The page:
Arkansas Surgeon General Dr. Joe Thompson On The Current State of Health

Dr. Joe Thompson is responsible for developing health policy, research activities and programs that promote better health and health care in Arkansas.

Besides serving as surgeon general, Joe Thompson is also director of the Arkansas Center for Health Improvement, professor of medicine and public health at the University of Arkansas for Medical Sciences in Little Rock and a general pediatrician.

Thompson earned his medical degree from UAMS and a master’s degree in public health from the University of North Carolina in Chapel Hill.

Q: What can Arkansans do to be healthier?

A: First, we all need to recognize our personal responsibility for doing what we can to stay healthy and not needing health care. But inevitably we will need health care, and we need a system that both delivers high-quality care and is affordable for all. Currently, one of every four working-age Arkansans does not have health insurance. At the same time, more than 50 percent of Arkansas adults are living with at least one chronic disease like cancer, diabetes or heart disease. As a result, more than 16 percent of Arkansans have reported that they could not see a doctor due to cost.

Is Obamacare just a step on the road toward a single-payer system?

It does expand government’s role by subsidizing low-income workers to buy private insurance and giving states the opportunity to use federal funds to help support the poor through Medicaid, but its intent is not for a single-payer system. While improving insurance coverage and access to care will save an estimated 2,300 lives per year and have economic benefits for our state, the act does fall short on containing the cost of health care throughout the system. Luckily, we started the Payment Improvement Initiative before the ACA, and with businesses and insurance companies we are on the way to creating a more efficient and affordable health care system. We need to take advantage of what is offered through the federal health care law and at the same time work to minimize the risks it contains.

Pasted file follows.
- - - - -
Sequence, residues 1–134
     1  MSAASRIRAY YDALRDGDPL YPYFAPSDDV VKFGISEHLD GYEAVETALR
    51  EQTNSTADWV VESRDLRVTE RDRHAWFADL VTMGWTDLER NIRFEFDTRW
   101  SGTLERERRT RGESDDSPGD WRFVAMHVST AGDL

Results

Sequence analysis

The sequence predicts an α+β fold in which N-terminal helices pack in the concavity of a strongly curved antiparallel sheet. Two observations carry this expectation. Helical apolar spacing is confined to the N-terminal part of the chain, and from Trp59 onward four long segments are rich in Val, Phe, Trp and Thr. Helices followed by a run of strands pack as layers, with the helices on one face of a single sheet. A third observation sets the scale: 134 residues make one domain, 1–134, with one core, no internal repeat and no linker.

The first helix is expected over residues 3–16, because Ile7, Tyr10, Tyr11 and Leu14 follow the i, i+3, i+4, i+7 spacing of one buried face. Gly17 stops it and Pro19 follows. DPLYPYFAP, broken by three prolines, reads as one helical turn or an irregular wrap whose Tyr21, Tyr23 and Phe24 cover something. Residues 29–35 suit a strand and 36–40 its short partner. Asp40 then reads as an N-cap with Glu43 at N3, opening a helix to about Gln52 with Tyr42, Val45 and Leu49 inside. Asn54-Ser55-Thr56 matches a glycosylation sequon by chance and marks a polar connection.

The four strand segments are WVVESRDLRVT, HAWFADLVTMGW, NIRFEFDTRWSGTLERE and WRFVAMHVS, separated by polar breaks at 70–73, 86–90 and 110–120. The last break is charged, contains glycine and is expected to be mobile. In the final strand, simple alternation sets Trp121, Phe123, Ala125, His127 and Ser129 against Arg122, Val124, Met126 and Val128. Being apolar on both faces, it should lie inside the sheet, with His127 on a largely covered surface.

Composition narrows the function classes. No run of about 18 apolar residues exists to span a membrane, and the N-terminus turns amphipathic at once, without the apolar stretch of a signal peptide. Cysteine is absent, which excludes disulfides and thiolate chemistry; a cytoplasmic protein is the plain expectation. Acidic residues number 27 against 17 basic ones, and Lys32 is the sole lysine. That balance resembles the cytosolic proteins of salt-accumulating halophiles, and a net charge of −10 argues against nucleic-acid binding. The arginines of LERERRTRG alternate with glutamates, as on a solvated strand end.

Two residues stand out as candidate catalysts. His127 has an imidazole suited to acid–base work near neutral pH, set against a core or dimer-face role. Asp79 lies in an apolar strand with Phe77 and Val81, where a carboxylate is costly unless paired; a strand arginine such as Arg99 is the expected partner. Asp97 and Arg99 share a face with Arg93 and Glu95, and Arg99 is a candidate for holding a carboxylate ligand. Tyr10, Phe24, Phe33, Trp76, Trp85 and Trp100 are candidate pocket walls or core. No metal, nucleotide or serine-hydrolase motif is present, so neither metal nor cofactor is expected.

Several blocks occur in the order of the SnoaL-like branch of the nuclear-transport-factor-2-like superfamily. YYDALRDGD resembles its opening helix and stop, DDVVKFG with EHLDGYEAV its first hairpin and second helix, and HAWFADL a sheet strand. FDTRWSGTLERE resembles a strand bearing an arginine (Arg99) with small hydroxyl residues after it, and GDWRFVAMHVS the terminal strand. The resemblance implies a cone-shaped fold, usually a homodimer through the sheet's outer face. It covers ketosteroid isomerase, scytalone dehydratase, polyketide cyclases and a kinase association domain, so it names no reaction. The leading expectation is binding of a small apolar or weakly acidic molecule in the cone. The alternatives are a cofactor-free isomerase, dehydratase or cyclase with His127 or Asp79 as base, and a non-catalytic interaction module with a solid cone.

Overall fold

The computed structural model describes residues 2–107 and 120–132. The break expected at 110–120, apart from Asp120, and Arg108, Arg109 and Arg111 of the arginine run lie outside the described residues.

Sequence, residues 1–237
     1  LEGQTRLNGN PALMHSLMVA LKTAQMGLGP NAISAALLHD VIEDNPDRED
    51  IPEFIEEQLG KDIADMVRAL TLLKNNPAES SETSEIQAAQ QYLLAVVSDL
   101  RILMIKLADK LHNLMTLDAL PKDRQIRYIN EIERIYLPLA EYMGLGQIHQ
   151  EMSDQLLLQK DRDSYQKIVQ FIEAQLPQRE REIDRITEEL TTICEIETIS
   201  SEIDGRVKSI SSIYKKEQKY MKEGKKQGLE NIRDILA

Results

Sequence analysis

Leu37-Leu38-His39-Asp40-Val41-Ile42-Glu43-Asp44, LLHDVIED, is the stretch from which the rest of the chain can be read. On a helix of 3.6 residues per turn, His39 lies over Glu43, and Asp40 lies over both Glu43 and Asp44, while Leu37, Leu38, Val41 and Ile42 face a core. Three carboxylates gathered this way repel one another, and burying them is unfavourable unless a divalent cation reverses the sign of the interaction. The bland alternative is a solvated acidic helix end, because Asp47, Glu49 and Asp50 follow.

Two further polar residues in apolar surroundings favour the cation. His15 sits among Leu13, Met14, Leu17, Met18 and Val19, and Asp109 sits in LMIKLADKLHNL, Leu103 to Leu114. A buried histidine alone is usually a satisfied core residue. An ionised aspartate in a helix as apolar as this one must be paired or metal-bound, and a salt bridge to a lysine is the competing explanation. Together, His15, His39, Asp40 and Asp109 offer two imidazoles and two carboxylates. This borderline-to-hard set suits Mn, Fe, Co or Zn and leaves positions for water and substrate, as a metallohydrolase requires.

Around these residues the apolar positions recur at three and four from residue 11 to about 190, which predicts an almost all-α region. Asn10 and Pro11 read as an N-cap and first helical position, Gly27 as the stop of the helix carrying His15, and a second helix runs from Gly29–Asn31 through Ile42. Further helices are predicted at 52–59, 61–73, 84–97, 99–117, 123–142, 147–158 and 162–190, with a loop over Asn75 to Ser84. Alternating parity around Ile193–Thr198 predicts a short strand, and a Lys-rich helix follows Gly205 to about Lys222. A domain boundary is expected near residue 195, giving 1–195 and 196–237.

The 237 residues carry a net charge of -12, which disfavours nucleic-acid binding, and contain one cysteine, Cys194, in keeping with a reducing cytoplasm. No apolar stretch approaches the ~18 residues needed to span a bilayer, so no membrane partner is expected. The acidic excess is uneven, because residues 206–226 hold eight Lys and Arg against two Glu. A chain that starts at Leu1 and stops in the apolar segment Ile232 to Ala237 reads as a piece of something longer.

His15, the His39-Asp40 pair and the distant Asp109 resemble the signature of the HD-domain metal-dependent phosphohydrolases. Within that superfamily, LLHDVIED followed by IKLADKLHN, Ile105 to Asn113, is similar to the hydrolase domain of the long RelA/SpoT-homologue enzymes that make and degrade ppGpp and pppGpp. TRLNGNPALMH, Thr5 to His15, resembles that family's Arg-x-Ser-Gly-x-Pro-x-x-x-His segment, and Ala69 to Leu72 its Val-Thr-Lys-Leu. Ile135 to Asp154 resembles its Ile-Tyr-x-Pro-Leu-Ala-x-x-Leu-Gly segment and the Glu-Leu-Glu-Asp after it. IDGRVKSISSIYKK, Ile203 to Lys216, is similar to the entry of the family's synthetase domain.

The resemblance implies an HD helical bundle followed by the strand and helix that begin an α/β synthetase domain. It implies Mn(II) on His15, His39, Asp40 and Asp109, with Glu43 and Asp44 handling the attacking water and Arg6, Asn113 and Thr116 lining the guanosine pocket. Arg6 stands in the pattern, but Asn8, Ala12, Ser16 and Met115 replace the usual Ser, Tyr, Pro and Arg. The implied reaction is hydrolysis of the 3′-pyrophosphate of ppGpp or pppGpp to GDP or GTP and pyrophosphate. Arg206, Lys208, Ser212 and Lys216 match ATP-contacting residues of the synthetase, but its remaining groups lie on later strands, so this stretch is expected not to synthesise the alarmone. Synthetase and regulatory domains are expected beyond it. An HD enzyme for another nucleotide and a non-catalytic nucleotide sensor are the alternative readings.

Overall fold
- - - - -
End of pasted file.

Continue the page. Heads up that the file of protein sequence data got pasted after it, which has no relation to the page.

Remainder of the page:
What is your vision for the Payment Improvement Initiative?

We are replacing a system in which financial incentives lead to visits and procedures with one that centers on the patients’ needs, eliminates waste and achieves higher quality. For example, one in four seniors hospitalized for congestive heart failure is readmitted within 30 days. When the providers reach out to help provide appropriate follow-up care after discharge, the likelihood of such hospital readmissions can be dramatically reduced.

Has gun violence become a public health issue, especially with regards to mental health?

I think we need to take a look at the root causes of gun violence and develop evidence-based solutions much in the way we address other preventable threats to public health like tobacco and obesity. We have made progress in that mental health services are now being covered in most health insurance policies, but that is just a start.

How long can the country continue with the current health care model?

Our health care system is at a tipping point brought on by an unhealthy population and rising health care costs. Unless we improve the health of our citizens and create more cost efficiency within the health care system, we are facing a tsunami of medical treatment needs that we simply won’t be able to afford. The good news is that people recognize the problems. We are fortunate here in Arkansas that policymakers and many others are willing to work together on effective solutions. We are working toward a comprehensive rebuilding of our health care system that could well be a model for the nation.